While the markets for the state owned and private sectors are converging as deregulation has progressed, the legacy of the past has left the two industry segments in vastly different competitive positions. State owned refiners in India are smaller, less complex, more costly to operate and produce lower quality fuels. It is important to note that the fuel regulations in India lag behind that of other Western countries, with diesel at 350ppm and gasoline at 150ppm levels nationwide, and only select cities having a lower 50ppm level for both fuels. Since many export markets now require ULSD in the 10-15ppm range, and gasoline in the 10-50ppm range, most of the production from India’s state owned plants isn’t directly exportable. However, since the private refiners are “locked out” of the domestic markets, they have had to build facilities capable of producing those higher quality fuels. Forced to compete in the free market, they have also had to build and run plants in more energy efficient ways, at lower costs and with the ability to run more difficult to refine crude oils. The private firms were forced to compete, and much like the U.S. refiners (see “Better in the USA”), have become stronger and better for it.
And just like U.S. refineries, the plants operated by Reliance and Essar have truly become “lean, mean refining machines.” The average size of the privately owned plants is over 350% larger than the state owned facilities (see Table 1 below). Additionally, they are much more complex, having 65% of the cat cracking, 67% of the hydrocracking and 52% of the total coking capacity in the country, despite having only 37% of the total refining capacity.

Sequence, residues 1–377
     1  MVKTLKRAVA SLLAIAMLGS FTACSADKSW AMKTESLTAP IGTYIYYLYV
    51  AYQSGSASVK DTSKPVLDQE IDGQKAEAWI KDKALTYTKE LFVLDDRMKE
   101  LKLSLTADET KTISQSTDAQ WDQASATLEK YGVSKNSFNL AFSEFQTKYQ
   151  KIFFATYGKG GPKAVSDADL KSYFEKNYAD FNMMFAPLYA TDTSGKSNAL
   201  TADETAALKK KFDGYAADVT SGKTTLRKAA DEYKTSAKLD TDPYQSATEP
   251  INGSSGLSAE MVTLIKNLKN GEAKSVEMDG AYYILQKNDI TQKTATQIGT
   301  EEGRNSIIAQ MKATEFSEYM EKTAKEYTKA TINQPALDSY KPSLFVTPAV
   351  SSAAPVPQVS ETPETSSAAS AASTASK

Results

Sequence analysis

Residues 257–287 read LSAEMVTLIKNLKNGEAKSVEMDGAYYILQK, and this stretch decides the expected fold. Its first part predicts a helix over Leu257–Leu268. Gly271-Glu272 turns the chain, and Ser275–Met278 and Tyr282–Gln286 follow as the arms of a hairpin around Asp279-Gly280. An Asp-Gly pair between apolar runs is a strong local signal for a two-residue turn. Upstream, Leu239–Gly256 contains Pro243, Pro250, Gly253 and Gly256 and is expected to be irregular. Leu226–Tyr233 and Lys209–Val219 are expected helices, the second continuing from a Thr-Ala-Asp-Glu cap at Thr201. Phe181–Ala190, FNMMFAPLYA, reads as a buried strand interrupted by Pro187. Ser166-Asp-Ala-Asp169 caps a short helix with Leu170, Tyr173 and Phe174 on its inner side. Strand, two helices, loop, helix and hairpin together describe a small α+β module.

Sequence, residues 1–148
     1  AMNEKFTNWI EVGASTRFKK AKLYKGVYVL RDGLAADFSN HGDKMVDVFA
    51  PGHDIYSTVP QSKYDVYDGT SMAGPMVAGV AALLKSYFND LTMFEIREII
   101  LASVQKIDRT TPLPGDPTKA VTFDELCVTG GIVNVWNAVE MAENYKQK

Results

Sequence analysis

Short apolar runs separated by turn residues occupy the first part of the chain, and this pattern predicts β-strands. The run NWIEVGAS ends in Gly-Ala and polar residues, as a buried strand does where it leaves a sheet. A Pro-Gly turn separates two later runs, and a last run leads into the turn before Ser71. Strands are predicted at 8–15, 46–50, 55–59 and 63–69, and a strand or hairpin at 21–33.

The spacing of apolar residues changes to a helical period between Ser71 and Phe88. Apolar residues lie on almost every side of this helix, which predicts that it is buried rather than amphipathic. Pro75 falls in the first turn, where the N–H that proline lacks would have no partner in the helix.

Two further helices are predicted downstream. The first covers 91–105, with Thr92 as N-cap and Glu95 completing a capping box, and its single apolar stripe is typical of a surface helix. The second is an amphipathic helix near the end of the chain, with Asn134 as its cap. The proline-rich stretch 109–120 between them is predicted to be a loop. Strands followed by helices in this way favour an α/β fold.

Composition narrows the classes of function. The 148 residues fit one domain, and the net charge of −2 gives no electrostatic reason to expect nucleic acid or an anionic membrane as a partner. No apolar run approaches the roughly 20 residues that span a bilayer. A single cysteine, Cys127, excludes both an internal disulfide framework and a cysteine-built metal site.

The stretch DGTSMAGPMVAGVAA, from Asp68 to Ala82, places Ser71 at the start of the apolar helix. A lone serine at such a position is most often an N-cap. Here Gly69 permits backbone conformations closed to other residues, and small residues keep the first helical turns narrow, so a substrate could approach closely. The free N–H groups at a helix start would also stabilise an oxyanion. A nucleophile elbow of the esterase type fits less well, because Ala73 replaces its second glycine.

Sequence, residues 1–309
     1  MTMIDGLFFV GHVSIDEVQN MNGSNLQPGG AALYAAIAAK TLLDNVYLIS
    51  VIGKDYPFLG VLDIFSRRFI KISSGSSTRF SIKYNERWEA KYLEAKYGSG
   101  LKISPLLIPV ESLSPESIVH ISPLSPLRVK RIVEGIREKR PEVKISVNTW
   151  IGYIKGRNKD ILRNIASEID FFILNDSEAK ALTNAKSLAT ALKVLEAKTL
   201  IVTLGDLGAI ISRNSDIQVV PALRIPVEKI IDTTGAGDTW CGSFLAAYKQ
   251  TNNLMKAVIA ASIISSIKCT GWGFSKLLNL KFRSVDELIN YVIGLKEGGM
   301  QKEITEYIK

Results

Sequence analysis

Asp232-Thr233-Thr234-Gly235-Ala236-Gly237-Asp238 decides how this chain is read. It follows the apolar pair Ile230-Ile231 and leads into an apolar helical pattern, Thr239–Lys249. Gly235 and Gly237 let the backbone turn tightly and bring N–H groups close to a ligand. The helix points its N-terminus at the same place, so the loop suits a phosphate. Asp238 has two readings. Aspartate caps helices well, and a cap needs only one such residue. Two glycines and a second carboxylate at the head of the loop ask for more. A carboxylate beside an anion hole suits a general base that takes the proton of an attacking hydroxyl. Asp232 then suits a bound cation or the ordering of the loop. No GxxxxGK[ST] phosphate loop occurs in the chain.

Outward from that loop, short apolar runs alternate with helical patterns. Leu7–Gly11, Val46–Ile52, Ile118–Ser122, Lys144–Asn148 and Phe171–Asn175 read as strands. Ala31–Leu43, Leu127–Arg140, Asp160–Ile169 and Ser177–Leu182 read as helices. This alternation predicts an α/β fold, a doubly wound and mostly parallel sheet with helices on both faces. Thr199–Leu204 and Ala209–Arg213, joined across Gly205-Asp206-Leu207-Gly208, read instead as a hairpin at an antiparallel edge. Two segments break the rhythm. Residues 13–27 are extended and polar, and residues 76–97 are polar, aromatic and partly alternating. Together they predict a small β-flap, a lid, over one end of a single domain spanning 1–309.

“This is our destiny”
At TM&C we are currently tracking 20+ potential projects in India with a capacity of over 2.7 million BPD and cost totaling nearly $73 billion. Our analysis shows that well over 1/3rd of these projects are likely to be built, or about 1 million BPD in the next several years. However, there is a strong potential for much more capacity to be added, as India has one of the fastest growing economies in the world. The IEA has projected petroleum demand will grow from current levels of less than 4 million BPD to 10 million BPD by 2040, taking over the role as the biggest engine of global product demand growth from China. This provides Indian refiners significant opportunities to expand from their current 4.3 million BPD of capacity, just to satisfy domestic demand.
A majority of the proposed projects today are with one of the several state owned oil companies. All but two of the projects are expansions and upgrades of existing refineries. As the regulations continue to progress towards clean fuels production, billions in investment will be required in the older, state owned refineries to bring them up to global standards. Additionally, as markets become deregulated, the state owned companies will be forced to compete increasingly in the global marketplace and will need to not only meet the global fuel standards, but also improve energy efficiency and compete on economies of scale.